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# Storing Objects

The HP48G/GX has the ability to store and recall any object. The following shows how to store the number 5 in the variable labeled A1. Note that the HP48G/GX is case sensitive. It recognizes the difference between A and a. However, the menu will always show the upper case form of any letter.

The name A1 should now appear in the left most menu position. If you do not see it, push the key. This key and some other features of the HP48G/GX memory will be discussed later. Push the menu key that corresponds to A1. The number 5 should appear on level one. Type A1 into the command line and push . The number 5 will now be in stack levels one and two. The calculator, because 5 was stored as A1, will replace every occurrence of A1 with 5. If, for some reason, the literal symbol A1 needs to be used, tick marks must enclose the symbol. Try the following:

Now push . The calculator will not evaluate any characters within tick marks unless instructed to. Notice once again that double tick marks appeared, and that the cursor is between them.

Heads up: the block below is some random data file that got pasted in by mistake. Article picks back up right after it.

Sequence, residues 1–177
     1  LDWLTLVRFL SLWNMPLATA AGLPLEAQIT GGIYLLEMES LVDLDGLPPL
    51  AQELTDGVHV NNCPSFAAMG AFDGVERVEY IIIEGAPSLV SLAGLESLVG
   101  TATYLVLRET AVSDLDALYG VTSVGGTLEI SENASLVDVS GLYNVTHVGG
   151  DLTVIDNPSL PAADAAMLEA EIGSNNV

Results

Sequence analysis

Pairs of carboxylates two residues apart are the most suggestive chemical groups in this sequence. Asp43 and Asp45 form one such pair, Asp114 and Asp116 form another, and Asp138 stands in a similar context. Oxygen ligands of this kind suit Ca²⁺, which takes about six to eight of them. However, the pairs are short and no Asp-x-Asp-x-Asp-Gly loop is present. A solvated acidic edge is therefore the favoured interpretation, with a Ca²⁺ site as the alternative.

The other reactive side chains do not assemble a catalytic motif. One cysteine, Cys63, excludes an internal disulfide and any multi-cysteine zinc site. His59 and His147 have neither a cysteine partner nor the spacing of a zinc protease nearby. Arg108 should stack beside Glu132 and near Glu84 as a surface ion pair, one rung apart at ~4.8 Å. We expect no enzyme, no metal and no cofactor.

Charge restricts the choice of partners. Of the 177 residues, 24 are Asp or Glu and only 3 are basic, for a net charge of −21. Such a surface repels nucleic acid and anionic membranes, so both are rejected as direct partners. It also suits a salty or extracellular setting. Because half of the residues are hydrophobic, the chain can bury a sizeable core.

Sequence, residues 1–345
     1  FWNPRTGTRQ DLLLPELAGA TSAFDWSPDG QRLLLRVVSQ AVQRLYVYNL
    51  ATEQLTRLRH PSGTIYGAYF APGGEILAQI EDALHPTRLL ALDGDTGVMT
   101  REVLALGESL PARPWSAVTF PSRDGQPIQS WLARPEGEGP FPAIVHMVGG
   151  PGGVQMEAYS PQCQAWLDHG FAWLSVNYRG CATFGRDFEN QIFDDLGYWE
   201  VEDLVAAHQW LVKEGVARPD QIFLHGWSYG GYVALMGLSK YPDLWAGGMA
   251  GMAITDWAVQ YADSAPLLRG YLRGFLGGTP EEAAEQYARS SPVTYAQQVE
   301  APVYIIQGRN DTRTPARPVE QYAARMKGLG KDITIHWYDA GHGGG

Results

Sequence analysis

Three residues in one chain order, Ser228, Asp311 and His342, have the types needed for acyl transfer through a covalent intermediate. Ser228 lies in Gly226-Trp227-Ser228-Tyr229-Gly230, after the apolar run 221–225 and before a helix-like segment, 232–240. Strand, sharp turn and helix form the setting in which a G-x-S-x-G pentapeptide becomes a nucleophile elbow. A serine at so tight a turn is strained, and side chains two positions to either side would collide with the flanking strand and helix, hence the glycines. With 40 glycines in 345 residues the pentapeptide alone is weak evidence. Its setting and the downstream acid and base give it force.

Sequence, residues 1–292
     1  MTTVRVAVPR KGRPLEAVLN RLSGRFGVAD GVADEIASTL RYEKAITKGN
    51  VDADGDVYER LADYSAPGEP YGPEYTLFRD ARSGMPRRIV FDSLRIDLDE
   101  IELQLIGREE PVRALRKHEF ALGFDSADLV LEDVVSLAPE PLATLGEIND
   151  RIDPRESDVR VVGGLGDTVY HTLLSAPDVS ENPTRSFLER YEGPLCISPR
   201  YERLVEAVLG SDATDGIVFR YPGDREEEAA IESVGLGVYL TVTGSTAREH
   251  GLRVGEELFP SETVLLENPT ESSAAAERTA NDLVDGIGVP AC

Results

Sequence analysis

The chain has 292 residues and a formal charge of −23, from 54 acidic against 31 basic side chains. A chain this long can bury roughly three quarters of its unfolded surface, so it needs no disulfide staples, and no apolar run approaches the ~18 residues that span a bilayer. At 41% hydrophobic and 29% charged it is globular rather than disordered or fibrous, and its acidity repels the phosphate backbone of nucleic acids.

Names of objects on the HP48G/GX may begin with any character except an integer, or a few other special symbols.

The HP48G/GX has been designed so that it is very easy to store a function as an object. For example, if the function, was going to be used a lot, it would probably be helpful to have it stored on the HP48G/GX. Push the following keys: 2pt 2pt
2pt

The algebraic formula for the function is now on level one of the stack.

To store this function push the keys 2pt . Level one of the stack is cleared, and the symbol F appears in the menu. To evaluate this function at the point (1,3), place 1 on level two and 3 on level one. Now push . The number 27 should appear on level one.

After a short time your current directory will become filled with unwanted objects. There are two easy ways to remove them. The first way will remove single objects, while the second method removes more than one object at a time.

• 2pt
• 2pt
2pt

Next: Memory Up: How to Use the Previous: Reverse Polish Notation

Mike Stecher
Thu Mar 21 09:53:31 CST 1996